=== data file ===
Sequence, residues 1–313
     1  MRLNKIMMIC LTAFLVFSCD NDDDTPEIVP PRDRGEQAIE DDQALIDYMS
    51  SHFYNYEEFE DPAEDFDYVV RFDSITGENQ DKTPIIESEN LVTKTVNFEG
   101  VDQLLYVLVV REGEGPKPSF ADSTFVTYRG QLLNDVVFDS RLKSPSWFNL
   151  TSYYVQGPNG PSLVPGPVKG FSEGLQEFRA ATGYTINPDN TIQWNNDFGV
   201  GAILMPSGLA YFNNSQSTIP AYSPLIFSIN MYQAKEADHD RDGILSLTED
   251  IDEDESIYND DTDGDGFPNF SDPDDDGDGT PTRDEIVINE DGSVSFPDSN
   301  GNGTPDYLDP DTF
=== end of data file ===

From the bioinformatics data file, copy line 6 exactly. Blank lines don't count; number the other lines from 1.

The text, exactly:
   201  GAILMPSGLA YFNNSQSTIP AYSPLIFSIN MYQAKEADHD RDGILSLTED